Louisville, today is home to dozens of companies and organizations across several industrial classifications. However, the underpinning of the economy of Louisville since it earliest days has been the shipping and cargo industries; the city's location at the Falls of the Ohio, its unique position in the central United States to the mouth of the Mississippi River, the Gulf of Mexico, beyond. The Louisville and Nashville Railroad was an important link between the industrialized northern cities and the South. Louisville's importance to the shipping industry continues today with the presence of the Worldport air hub for UPS; the city's location at the crossroads of three major Interstate highways contributes to its modern-day strategic importance to the shipping and cargo industry. In addition, the Port of Louisville continues Louisville's river shipping presence at Jefferson Riverport International; as of 2003, Louisville ranks as the seventh-largest inland port in the United States. Louisville has emerged as a major center for medical sciences industries.
Louisville has been central to advancements in hand surgery as well as cancer treatment. Some of the first artificial heart and hand transplants were conducted in Louisville; the James Graham Brown Cancer Center is well-renowned. The city's thriving downtown medical research campus includes a new $88 million rehabilitation center and a health sciences research and commercialization park, that in partnership with the University of Louisville, has lured nearly 70 top scientists and researchers. Louisville is home to Humana, one of the nation's largest health insurance companies. Louisville is a significant center of manufacturing. Within the city's limits are two major Ford plants, namely the Kentucky Truck Plant and the Louisville Assembly Plant. Located in the city is the headquarters and major home appliance factory of GE Appliances; the city is a major center of the American whiskey industry, with about one-third of all bourbon coming from Louisville. Brown-Forman, one of the major makers of American whiskey, is headquartered in Louisville and operates a distillery in the Louisville suburb of Shively.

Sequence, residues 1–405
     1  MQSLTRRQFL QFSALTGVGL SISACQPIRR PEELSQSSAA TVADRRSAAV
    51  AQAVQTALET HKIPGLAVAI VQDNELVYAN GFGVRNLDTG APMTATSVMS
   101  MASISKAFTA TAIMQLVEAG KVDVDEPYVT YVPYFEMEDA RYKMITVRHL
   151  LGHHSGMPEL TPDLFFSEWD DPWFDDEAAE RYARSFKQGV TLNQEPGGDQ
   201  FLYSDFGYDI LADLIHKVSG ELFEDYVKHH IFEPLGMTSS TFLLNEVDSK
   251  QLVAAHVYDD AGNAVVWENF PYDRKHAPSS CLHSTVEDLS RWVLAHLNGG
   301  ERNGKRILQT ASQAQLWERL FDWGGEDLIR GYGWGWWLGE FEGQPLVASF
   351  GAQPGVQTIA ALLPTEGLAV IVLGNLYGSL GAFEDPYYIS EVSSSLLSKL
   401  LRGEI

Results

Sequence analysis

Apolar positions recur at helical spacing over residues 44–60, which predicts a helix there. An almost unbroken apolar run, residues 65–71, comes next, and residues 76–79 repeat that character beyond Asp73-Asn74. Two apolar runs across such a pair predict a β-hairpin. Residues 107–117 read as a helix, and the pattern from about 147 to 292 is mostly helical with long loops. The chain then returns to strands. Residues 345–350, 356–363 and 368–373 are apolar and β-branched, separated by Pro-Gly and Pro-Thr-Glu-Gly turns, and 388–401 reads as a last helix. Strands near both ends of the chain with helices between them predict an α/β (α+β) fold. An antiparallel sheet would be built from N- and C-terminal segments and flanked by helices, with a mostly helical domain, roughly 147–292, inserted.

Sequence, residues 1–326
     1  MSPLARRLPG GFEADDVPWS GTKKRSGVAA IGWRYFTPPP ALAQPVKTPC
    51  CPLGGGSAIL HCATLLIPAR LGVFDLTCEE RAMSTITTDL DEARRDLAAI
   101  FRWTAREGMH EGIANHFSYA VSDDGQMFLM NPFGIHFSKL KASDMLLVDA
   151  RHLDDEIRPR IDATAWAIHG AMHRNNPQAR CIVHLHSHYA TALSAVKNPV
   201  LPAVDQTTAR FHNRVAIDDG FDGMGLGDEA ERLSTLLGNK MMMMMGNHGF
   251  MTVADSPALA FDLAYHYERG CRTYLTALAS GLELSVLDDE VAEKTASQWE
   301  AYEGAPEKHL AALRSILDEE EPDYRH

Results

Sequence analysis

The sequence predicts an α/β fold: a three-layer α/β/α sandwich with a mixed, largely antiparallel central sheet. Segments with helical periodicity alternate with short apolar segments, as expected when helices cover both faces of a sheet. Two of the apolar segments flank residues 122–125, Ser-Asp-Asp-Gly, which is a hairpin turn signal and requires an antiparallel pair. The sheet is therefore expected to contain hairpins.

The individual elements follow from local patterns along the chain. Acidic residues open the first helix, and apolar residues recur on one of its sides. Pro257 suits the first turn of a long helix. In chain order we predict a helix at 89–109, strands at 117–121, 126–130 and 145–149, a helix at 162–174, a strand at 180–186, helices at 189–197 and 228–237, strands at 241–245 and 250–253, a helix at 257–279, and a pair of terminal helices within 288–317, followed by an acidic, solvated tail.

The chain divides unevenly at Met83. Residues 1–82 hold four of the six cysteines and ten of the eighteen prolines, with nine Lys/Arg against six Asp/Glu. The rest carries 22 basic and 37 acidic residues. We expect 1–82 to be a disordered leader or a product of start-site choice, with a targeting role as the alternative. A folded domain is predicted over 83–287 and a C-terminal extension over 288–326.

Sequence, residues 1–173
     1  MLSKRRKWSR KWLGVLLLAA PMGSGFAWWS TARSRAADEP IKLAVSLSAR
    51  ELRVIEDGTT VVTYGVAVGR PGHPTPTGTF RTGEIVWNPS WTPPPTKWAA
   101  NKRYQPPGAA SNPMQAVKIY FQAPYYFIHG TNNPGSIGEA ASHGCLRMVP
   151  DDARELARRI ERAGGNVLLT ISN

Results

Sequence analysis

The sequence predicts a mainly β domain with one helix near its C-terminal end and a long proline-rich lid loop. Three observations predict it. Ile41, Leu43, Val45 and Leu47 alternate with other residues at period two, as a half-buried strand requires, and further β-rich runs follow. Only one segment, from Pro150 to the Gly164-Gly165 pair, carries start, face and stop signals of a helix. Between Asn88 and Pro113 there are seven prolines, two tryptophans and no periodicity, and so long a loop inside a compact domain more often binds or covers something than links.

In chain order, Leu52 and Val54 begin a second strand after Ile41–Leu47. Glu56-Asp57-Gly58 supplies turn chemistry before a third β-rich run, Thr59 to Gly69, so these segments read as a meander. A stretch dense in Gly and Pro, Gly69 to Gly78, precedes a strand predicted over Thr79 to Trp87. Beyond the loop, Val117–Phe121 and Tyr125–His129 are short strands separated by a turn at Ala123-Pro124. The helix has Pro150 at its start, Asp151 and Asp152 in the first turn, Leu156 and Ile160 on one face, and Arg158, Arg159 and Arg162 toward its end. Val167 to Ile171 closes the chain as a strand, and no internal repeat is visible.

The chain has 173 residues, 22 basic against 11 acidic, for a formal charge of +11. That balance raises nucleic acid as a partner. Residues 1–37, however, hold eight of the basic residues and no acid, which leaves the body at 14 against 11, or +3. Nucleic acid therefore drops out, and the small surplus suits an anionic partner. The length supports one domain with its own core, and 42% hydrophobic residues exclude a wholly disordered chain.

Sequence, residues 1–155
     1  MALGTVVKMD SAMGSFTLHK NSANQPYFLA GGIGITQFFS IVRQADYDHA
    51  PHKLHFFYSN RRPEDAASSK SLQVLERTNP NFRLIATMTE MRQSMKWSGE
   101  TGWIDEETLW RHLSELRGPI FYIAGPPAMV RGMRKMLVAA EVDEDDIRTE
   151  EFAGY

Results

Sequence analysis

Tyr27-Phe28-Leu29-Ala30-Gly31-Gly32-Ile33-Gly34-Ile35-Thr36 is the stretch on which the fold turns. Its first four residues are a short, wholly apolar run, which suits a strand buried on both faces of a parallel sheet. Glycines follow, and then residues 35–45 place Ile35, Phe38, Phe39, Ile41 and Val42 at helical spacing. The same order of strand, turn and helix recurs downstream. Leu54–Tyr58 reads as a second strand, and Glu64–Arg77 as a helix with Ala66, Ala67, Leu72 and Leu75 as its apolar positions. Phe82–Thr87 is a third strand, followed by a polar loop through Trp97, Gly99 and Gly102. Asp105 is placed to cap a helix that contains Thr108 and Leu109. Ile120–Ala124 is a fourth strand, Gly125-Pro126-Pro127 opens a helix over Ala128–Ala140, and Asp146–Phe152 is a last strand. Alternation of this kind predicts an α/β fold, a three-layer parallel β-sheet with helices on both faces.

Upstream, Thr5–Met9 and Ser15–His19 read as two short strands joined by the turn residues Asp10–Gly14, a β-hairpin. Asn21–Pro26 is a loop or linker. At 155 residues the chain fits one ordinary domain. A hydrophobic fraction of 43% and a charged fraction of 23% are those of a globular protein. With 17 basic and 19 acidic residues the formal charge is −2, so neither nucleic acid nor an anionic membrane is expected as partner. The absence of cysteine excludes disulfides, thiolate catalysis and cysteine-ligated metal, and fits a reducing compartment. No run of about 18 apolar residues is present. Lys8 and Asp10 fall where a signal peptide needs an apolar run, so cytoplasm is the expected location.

The current primary distillery site operated by Heaven Hill, called the Bernheim distillery, is located in Louisville near Brown-Forman's distillery. Other distilleries and related businesses can be found in neighboring cities in Kentucky, Barton 1792, Jim Beam, Wild Turkey, or Maker's Mark. Similar to the Kentucky Bourbon Trail that links these central Kentucky locations, Louisville offers tourists its own "Urban Bourbon Trail", where people can stop at nearly 20 "area bars and restaurants, all offering at least 50 labels of America's only native spirit."Craft beer is an profitable business for the city, home to over 14 locally owned breweries including Bluegrass Brewing Company and Falls City Brewing Company. In 2013 overall beer sales were reported to be down 2% from the previous year, whereas craft beer sales had risen 18%. To keep up the demand, Mayor Greg Fischer announced in 2015 plans to create "Lou Brew": a tour, similar to the Urban Bourbon Trail, that will highlight the local breweries and craft beer scene of Louisville to both natives and tourists.
Not known for high tech outside of the identified industries, Louisville in the 2010s has been at or near the forefront of some high-tech-related developments. In April 2017, Google Fiber confirmed. Meanwhile, since October 2016, AT&T Fiber has been building out its similar service in the city as well as neighboring counties in Indiana. Beyond networking, the city, through its public–private partnership called Code Louisville, recognized by President Barack Obama, is aiding area residents in the learning of software coding skills. Louisville prides itself in its large assortment of small, independent businesses and restaurants, some of which have become known for their ingenuity and creativity. In 1926 the Brown Hotel became the home of the Hot Brown "sandwich". A few blocks away, the Seelbach Hotel, which F. Scott Fitzgerald references in The Great Gatsby, is famous for a secret back room where Al Capone would meet with associates during the Prohibition era; the room features a secret back door escape and was used as a starting point for rumrunners who would transport illegal moonshine from the hills of eastern Kentucky to Chicago.